November 29, 2011
Euro-area finance ministers approved a 5.8 billion-euro ($7.7 billion) loan to Greece under last year’s bailout after eliciting budget-austerity pledges from Greek political leaders backing a unity government, a European official said.
The finance chiefs from the 17 nations using the euro cleared the payment at a meeting today in Brussels, said the official, who spoke on condition of anonymity.
The go-ahead for the sixth disbursement of funds under the fully taxpayer-funded package of 110 billion euros shifts the spotlight to a second rescue of Greece that foresees 50 percent losses for private investors in Greek bonds. The new aid plan, crafted at an October summit, also includes 130 billion euros in extra public funds.
After initially endorsing the next loan for Greece on Oct. 21, the euro area froze the payment this month because former Socialist Premier George Papandreou called a referendum on the rescue plan. He later called off the vote, resigned and was succeeded by ex-central banker Lucas Papademos, whose interim government has the support of three parties to press ahead with budget cuts needed for continued aid.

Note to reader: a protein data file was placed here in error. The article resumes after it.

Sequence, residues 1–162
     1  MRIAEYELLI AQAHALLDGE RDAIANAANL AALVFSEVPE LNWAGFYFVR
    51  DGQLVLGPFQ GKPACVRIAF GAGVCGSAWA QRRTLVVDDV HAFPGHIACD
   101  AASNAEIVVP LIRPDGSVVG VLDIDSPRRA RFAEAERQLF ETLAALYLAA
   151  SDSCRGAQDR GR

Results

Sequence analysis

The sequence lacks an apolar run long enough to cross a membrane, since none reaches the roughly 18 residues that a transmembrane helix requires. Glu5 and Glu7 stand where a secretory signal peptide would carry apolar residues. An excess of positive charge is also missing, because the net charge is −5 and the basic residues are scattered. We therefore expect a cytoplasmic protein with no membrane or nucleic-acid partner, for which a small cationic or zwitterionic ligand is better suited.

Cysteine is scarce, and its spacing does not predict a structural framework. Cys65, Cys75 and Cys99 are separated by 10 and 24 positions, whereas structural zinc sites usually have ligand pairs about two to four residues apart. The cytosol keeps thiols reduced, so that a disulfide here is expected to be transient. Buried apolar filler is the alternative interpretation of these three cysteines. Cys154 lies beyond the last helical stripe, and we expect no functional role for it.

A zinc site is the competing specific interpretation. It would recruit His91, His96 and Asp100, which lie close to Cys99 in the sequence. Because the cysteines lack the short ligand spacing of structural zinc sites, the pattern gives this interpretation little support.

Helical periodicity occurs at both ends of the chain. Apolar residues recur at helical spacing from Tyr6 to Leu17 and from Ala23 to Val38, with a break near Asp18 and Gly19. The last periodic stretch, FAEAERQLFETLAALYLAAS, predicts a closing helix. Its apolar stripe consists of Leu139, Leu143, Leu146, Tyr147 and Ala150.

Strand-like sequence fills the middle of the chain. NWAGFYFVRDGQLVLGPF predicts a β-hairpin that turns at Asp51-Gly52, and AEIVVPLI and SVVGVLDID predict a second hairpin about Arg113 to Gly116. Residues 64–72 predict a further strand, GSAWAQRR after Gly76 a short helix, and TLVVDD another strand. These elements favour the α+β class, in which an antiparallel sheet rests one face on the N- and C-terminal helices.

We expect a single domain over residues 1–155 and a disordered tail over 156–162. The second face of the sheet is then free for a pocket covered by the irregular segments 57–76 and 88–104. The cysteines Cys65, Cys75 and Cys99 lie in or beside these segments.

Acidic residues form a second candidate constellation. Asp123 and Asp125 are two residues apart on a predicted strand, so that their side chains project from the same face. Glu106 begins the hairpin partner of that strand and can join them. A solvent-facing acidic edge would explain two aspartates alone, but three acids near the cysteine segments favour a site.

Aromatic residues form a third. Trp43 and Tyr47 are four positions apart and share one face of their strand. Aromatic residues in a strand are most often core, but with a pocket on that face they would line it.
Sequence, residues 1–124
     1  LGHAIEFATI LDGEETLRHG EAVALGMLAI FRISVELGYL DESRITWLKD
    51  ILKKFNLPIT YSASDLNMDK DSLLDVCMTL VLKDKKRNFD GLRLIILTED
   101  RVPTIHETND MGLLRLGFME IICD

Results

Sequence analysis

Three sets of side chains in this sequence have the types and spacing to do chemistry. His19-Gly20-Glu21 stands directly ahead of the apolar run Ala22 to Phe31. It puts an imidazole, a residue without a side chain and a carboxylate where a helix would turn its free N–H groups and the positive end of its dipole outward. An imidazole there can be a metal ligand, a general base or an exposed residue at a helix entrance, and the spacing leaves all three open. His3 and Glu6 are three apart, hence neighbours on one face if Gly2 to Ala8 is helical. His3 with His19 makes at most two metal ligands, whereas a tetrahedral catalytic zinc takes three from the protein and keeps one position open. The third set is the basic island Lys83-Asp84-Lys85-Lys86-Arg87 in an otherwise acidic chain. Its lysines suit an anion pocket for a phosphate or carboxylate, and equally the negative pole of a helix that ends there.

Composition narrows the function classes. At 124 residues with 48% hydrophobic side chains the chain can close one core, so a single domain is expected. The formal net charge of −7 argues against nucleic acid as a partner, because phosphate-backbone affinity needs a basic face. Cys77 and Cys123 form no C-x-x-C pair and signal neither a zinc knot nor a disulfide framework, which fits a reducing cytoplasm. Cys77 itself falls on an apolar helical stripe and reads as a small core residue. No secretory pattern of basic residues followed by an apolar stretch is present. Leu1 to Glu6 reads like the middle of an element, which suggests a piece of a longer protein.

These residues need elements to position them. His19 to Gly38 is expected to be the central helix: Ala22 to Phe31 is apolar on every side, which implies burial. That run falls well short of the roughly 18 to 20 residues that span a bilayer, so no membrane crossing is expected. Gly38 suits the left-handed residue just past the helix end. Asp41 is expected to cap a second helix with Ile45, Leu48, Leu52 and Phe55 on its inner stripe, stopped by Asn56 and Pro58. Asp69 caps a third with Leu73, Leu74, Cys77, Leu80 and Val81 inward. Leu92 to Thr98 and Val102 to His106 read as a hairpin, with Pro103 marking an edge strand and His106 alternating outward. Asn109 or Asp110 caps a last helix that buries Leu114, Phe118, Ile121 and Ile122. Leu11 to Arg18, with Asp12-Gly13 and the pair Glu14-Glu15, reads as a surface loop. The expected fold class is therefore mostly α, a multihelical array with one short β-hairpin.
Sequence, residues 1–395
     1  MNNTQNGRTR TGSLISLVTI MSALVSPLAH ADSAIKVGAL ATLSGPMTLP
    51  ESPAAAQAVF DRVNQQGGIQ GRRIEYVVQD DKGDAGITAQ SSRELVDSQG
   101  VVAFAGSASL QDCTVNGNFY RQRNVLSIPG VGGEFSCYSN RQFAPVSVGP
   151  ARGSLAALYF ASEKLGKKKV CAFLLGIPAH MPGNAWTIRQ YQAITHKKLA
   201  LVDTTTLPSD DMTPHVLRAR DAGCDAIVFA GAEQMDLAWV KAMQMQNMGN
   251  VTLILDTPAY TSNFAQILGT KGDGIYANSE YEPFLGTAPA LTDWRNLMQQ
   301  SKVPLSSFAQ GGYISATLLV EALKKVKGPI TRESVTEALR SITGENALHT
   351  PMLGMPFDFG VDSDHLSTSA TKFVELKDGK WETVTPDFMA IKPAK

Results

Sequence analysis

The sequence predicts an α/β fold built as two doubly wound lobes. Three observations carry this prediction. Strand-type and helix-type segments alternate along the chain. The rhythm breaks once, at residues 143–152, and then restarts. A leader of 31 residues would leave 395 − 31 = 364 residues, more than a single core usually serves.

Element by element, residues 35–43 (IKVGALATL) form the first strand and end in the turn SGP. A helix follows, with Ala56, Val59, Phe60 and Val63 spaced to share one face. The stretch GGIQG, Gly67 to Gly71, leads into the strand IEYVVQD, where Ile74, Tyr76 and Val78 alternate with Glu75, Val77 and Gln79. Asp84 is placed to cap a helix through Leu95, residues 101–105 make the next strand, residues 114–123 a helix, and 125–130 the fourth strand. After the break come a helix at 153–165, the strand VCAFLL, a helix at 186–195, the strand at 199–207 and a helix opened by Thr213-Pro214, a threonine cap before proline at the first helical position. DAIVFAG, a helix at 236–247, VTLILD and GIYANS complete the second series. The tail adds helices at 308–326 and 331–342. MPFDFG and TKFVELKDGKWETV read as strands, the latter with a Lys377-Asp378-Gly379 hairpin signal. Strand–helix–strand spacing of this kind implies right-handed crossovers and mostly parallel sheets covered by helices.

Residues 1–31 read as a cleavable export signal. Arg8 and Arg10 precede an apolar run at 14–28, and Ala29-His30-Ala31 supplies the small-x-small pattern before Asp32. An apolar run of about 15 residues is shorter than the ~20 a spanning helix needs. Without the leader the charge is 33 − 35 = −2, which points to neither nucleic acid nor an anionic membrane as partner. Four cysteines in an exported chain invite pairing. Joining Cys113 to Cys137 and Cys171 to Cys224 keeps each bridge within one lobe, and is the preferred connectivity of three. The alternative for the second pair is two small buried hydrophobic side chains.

“In Greece, we have all the necessary conditions in order to go ahead with the next disbursement,” Greek Finance Minister Evangelos Venizelos said in an e-mailed statement today before the decision in Brussels. “We have the necessary political consensus, we have the necessary national unity and also the national commitment and determination to go ahead.”